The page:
Clinical Outcomes of First-line Sunitinib Followed by Immuno-oncology Checkpoint Inhibitors in Patients With Metastatic Renal Cell Carcinoma
Clinical Genitourinary Cancer, 2019
Background: The present retrospective, longitudinal cohort study assessed the association between the first-line sunitinib treatment duration and clinical outcomes with second-line immuno-oncology (IO) therapy among patients with metastatic renal cell carcinoma (mRCC).
Patients and methods: A total of 161 patients with mRCC who had been treated with first-line sunitinib and subsequent IO therapy from select International mRCC Database Consortium centers were included. The overall survival, time to next therapy, time to treatment discontinuation, and real-world physician-assessed best response measured from IO therapy initiation were analyzed and compared between patients treated with first-line sunitinib for ≥ 6 months and those treated for < 6 months.
Results: The 116 patients treated with sunitinib for ≥ 6 months tended to be older and to have a better International mRCC Database Consortium risk than the 45 patients treated for < 6 months (favorable, 36% vs. 8%, P = .001; intermediate, 59% vs. 70%, P = .21; poor, 5% vs. 22%, P = .007). The receipt of sunitinib for ≥ 6 months versus < 6 months was associated with longer survival (hazard ratio [HR], 0.42; 95% confidence interval [CI], 0.21-0.87; P = .02). No significant association was observed between the first-line sunitinib duration and second-line IO outcomes, including the time to next therapy (HR, 0.89; 95% CI, 0.52-1.51; P = .66), time to treatment discontinuation (HR, 0.85; 95% CI, 0.54-1.34; P = .49), and tumor response (odds ratio, 0.73; 95% CI, 0.22-2.49; P = .62).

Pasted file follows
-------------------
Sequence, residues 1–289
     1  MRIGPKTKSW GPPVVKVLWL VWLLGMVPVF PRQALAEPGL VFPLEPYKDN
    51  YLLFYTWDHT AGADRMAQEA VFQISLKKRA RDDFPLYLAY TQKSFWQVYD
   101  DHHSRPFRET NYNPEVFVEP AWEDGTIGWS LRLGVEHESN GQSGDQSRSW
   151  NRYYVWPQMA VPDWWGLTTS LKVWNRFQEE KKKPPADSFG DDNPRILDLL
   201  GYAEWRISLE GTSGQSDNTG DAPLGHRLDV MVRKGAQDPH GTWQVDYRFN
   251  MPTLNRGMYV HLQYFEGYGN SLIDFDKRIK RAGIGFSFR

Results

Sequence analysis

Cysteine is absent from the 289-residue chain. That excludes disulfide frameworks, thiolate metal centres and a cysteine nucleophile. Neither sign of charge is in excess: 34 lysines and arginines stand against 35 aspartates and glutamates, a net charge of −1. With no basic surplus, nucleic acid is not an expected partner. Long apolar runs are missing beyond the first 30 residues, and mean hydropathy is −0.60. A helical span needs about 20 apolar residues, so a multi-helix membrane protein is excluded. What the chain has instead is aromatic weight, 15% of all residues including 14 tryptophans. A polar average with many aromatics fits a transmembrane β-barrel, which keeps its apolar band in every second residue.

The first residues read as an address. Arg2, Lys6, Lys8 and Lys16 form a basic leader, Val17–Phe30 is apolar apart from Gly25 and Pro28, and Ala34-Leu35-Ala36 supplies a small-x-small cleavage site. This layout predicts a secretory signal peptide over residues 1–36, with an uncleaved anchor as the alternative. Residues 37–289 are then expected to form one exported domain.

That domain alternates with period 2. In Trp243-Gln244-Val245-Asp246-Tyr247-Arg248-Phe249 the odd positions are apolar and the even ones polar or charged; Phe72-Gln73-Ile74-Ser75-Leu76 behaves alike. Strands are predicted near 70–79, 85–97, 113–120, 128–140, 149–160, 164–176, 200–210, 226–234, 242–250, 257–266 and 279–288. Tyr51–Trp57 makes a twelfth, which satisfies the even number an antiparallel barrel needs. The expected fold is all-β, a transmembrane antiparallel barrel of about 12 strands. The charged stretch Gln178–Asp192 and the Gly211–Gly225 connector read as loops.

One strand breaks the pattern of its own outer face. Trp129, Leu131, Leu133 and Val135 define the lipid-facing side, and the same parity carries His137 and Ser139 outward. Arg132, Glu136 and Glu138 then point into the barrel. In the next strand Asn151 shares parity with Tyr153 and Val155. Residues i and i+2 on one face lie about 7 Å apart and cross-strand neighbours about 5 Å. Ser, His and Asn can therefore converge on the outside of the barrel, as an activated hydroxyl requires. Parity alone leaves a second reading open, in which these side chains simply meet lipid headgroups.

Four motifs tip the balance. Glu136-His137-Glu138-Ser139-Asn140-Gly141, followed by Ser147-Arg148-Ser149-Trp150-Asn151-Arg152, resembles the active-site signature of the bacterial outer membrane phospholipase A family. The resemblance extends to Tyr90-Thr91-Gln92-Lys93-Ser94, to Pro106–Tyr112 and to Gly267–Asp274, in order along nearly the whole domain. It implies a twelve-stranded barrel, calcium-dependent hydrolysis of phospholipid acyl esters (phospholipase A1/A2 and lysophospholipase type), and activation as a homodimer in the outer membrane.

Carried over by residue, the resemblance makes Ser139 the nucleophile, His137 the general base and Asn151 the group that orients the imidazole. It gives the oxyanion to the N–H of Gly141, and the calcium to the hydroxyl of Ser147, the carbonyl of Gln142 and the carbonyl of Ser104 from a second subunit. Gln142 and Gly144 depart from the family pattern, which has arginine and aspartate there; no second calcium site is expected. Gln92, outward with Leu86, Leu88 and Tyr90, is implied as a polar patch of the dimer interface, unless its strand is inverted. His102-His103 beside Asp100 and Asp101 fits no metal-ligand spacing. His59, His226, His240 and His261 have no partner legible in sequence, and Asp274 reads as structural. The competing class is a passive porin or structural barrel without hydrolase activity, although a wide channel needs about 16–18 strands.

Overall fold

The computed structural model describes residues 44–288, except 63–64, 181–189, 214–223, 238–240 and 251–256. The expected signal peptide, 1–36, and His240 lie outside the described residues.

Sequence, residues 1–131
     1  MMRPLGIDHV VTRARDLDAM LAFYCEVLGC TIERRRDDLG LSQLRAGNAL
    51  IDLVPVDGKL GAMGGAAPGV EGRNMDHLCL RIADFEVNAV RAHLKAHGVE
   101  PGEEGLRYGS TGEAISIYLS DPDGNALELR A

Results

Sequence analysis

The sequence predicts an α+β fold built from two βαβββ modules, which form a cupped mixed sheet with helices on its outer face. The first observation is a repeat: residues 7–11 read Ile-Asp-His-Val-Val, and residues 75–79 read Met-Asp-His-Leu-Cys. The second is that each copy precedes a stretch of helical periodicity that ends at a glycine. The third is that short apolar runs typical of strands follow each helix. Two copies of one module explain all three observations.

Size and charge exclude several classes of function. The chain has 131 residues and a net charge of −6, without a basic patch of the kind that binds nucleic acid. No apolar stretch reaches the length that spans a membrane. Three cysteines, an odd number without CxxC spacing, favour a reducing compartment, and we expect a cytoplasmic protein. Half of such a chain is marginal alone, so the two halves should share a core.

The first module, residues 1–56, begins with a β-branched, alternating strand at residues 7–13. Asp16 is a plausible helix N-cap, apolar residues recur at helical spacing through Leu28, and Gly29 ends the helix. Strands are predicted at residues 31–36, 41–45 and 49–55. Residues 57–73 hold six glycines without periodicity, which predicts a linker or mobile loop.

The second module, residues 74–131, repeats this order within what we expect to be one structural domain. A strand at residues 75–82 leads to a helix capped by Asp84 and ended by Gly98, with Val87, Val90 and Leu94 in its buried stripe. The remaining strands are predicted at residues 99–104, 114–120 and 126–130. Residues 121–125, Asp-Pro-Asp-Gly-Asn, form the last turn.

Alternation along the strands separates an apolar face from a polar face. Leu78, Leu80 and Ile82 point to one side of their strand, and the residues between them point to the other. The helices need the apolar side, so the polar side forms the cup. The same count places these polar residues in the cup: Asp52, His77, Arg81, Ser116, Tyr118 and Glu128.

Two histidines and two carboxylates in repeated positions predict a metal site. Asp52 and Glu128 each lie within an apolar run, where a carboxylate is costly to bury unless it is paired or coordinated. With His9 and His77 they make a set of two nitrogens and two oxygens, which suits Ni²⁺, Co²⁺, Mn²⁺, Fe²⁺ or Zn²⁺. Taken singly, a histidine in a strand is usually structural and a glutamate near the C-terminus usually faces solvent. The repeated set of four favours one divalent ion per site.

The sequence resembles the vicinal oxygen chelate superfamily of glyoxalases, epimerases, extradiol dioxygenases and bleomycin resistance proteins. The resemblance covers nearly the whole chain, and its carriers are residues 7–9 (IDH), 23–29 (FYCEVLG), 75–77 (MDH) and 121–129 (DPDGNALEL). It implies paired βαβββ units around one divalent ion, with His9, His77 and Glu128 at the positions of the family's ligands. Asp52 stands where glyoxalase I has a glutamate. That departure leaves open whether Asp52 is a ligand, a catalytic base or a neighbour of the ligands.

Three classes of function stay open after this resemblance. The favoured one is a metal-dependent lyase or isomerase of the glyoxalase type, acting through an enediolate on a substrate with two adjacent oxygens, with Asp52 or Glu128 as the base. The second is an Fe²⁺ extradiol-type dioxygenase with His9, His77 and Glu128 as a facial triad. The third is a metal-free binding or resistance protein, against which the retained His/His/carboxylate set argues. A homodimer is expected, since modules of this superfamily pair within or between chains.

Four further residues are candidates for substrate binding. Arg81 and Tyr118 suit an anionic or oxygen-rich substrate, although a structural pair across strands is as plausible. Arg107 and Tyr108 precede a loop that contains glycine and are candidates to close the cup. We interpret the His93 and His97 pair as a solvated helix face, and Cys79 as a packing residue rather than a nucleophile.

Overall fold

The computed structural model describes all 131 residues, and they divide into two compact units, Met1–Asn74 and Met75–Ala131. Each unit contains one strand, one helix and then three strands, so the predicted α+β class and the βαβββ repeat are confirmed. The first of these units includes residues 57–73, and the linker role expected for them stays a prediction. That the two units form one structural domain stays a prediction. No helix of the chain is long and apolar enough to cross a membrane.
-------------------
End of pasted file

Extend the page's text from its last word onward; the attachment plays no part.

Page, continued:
Conclusions: We found no statistically significant association between the first-line sunitinib duration and clinical outcomes with second-line IO therapy. Patients receiving first-line sunitinib for ≥ 6 months compared with < 6 months was associated with better overall survival, although potential unadjusted confounders could have been present. These findings support the paradigm that previous therapy will not dictate the effectiveness of subsequent immunotherapy.